In the book he takes a realistic view of the obstacles to co-operation that exist in the American political context. He tells exciting stories about grass roots action for change. Mark Gerzon has biases. He prefers one candidate over another. One set of policies are viewed as better than others. However he has chosen not to be hyper-partisan in support for them. One key insight that makes this possible for him is that he has owned that he both liberal and conservative. Recognising that we are not monochrome, but are diverse in ourself, makes it possible to be comfortable with difference in others. The self talk we do as we explore our internal differences can be applied to the dialogue we have with others.

His four core strategies for uniting American citizens again across the partisan divide are:

  • reinventing citizenship
  • leading from across the borders that divide
  • championing the whole truth
  • serving the people

I highly commend The Reunited States of America: how we can bridge the partisan divide. You can access a copy here. If you purchase anything through this link within 24 hours we receive a small commission. This helps us to cover the costs of this website.

4.   Apply consensus building resources in your church

Don’t just think about the problems – work on the solutions in your context. There are many simple things that you can do to change the culture and practices of your church. Use the tools that have been proven to be effective in uniting Christians.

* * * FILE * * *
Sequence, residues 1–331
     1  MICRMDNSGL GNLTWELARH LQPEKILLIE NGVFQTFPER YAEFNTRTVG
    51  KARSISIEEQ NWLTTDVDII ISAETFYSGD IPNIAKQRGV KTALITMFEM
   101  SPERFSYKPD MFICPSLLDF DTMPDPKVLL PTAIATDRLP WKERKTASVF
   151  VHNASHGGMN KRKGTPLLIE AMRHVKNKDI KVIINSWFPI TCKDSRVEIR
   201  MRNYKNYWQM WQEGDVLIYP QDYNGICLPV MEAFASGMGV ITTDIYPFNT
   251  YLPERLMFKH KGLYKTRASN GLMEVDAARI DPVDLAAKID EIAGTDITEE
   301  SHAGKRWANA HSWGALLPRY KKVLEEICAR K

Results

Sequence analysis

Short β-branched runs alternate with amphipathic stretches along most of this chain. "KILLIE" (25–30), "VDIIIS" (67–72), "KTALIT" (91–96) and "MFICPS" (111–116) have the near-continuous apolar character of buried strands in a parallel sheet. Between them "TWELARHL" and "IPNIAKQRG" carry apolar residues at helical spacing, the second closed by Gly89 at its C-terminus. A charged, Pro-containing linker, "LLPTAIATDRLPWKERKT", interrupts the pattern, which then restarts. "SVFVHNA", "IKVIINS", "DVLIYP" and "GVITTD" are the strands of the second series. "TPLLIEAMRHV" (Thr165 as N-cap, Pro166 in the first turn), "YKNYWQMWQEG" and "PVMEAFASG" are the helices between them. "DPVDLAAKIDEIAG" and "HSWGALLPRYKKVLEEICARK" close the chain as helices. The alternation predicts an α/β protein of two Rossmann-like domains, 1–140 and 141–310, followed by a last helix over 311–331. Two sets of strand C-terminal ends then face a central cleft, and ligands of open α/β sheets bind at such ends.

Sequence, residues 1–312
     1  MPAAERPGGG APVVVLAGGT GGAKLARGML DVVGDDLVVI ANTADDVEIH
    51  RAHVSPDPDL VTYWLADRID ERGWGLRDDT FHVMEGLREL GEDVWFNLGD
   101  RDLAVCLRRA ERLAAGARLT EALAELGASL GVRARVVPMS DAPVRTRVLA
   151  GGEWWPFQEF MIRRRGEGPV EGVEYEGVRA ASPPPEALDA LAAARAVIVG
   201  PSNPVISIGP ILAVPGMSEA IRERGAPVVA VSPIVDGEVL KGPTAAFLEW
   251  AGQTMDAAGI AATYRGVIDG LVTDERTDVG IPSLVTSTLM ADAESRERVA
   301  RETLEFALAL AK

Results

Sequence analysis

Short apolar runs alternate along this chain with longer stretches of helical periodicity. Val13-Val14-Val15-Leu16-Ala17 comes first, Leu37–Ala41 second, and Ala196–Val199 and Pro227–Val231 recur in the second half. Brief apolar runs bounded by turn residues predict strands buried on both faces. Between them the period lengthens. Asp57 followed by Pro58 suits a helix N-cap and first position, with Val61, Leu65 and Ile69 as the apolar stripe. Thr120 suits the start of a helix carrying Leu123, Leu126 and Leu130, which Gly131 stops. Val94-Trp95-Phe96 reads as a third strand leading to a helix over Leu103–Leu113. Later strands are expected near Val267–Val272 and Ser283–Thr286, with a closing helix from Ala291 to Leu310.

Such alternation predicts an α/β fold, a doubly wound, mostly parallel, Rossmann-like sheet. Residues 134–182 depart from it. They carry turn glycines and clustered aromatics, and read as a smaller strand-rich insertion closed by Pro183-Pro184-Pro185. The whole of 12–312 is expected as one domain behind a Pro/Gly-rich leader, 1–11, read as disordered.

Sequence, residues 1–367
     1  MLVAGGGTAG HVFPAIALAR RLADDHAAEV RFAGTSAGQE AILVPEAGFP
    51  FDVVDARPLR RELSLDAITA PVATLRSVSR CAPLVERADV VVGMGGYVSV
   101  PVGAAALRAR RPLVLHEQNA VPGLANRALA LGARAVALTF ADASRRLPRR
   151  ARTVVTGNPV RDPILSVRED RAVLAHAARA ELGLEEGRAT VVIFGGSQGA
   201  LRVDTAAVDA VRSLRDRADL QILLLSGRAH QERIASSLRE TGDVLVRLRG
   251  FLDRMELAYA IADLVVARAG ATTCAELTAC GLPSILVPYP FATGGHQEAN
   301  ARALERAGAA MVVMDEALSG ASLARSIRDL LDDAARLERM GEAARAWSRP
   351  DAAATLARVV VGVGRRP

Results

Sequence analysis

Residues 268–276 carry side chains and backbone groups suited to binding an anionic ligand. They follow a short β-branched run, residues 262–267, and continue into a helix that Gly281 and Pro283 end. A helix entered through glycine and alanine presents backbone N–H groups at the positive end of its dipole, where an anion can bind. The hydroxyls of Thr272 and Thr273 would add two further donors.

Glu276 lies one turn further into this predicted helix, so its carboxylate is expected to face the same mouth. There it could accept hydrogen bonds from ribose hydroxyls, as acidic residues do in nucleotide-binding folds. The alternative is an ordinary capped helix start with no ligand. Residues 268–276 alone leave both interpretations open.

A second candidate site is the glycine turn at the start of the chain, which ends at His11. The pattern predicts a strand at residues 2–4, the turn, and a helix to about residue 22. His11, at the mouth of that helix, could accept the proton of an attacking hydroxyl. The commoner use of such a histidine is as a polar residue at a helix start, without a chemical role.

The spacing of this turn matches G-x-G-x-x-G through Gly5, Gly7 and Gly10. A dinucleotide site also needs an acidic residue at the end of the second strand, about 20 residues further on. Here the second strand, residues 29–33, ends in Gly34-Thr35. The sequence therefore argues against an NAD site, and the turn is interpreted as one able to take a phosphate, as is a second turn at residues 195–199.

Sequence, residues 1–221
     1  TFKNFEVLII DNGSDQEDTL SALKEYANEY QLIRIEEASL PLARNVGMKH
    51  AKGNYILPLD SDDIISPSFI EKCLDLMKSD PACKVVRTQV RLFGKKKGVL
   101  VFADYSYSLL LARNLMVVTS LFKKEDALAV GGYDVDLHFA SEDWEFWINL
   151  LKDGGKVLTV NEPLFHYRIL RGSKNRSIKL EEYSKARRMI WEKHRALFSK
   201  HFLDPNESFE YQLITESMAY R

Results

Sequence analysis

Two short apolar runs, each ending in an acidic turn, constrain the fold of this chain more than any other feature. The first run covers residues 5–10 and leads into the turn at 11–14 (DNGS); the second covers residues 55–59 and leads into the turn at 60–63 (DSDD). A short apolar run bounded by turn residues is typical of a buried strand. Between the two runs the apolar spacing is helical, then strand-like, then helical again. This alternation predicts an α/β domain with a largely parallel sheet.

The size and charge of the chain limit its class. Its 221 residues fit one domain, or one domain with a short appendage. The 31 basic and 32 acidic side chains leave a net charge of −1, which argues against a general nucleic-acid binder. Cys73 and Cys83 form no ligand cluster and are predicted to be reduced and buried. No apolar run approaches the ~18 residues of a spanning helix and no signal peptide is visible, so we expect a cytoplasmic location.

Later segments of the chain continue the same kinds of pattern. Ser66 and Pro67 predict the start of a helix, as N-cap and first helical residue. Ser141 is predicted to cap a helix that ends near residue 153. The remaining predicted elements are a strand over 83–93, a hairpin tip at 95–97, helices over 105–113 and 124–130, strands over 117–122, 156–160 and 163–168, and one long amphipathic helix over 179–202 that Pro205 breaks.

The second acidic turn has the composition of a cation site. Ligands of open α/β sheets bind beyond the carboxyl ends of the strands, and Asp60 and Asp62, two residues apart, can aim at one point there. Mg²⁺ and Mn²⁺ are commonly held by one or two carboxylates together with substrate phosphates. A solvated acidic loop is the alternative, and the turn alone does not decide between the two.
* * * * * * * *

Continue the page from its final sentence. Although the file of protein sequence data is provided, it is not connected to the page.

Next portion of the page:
This website is devoted to making resources available to people who want to do consensus building in their church. If you are newlease browse and find more support. For a comprehensive resource we recommend our book The Church Guide For Making Decisions Together. You can purchase a copy  from Cokebury here or from Amazon.

Conclusion

There are many conflicts in the church. Many seem intractable. However relationships can be turned around – uniting divided people is possible. The good news is that God is committed to the goal of uniting us as brothers and sisters in Christ. We have the gift of the Holy Spirit to help us, faith to live out of, and many resources from inside and outside the church to resource us. Don’t give up!

1000 people tried consensus – how did it go?

WCRC General Council Logo 2017

The World Communion of Reformed Churches took a huge risk by using consensus as their way of discernment and decision-making. Around a 1,000 people met as the General Council in Leipzig June / July 2017 and consensus was new to the vast majority. How did it go?

What the Participants said

Martin Engles

Amy Eckert wrote a comprehensive article on the process, its goals and values. In it she interviewed a number of participants. Here are some of their observations.

Within the small groups the real work of discernment takes place. “Discernment truly is more about listening than speaking,” said Gradye Parsons. “It is important to listen to what others are saying. It is important to listen to what God is saying. And it’s important to consider your own thoughts with regard to the issue and in light of what you have heard.”